The Barbican Estate was the perfect example of that modern mentality, with its many terrace blocks and maisonettes that composed an architectural symphony right in the middle of the City. Living at the Barbican was in itself a symbol of status, and not just because of the high prices. From the top of any of the three monumental towers that crowned the estate one could see London in all its glory, and for many people it was worth sacrificing a bit of floor space for a magnificent sight like that.

But not all urban flats are created equal, and the Barbican architects knew it well; therefore, on the upper levels of the towers they designed a number of bigger lodgings, all of them with five or more spacious rooms. The top floor of each one of the three concrete behemoths was divided into three huge penthouse flats, an oasis of luxury that dominated the whole landscape.

The most famous of the three buildings was Shakespeare Tower, of course. Being identical to the other two, its name was probably the only real reason for its fame. Whenever a photographer wanted to do a study in Brutalist architecture, that was the building he featured in his photoshoots. The gift shop at the Barbican Centre was full of posters, postcards, notebooks… even tea towels, all with the image of the impossibly tall, menacingly grey giant. Many tourists observed it from below, wondering how would it feel to look at the city from a height of 400 feet, or to wake up with the pale rays of the elusive London sun, that surely touched the top of Shakespeare Tower first before descending onto the rest of the mortal population.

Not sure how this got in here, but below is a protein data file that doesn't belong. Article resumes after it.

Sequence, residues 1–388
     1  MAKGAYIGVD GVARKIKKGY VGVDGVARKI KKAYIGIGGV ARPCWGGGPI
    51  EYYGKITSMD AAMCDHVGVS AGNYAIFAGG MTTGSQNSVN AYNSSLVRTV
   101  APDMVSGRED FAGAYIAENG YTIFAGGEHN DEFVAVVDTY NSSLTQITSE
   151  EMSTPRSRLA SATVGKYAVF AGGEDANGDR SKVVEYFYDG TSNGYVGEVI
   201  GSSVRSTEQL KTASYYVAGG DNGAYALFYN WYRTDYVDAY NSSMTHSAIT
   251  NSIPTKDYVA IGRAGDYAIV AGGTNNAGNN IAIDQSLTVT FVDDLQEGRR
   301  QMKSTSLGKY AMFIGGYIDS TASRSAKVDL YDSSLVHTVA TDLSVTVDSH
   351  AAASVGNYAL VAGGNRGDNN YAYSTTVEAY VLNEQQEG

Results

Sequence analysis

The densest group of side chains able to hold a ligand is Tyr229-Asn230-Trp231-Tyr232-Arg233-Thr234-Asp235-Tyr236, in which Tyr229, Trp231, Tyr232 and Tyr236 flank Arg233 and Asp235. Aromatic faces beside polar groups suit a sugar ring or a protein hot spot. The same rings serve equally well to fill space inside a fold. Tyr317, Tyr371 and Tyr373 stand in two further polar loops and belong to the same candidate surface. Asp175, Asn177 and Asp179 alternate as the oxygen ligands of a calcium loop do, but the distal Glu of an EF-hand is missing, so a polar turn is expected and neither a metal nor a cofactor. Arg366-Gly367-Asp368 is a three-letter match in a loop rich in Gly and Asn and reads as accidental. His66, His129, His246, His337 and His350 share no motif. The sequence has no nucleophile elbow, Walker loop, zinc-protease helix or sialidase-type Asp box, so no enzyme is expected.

On the 42nd floor of the Tower, alone between the wrinkled sheets of his bed, Chef Tom Hiddleston blinked in the morning light, groaned loudly, and covered his head with one of the pillows.

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A Tuồng actress doing make-up, Chợ Lớn, Sài Gòn, Vietnam, 1961. Photo by Jack Garofalo/Paris Match via Getty Images

Saigon et son faubourg, Cholon, 1961. Le théâtre chinois est le plus vieux du monde. Issus du peuple chinois, les comédiens jouent avec les mêmes maquillages et costumes que leurs ancêtres. Une jeune fille, vêtue d'un chemisier imprimé bleu, se maquille à l'aide d'une spatule, les sourcils accentués par les traits au pinceau noir, un dégradé de rouge au rose allant des paupières aux joues sur un fond blanc appliqué à son visage. Ses cheveux sont en cours de préparation, maintenus par des papillotes en papier aluminium; prise de vue dans une loge au décor dépouillé: un miroir, deux bougeoirs et un bouddha.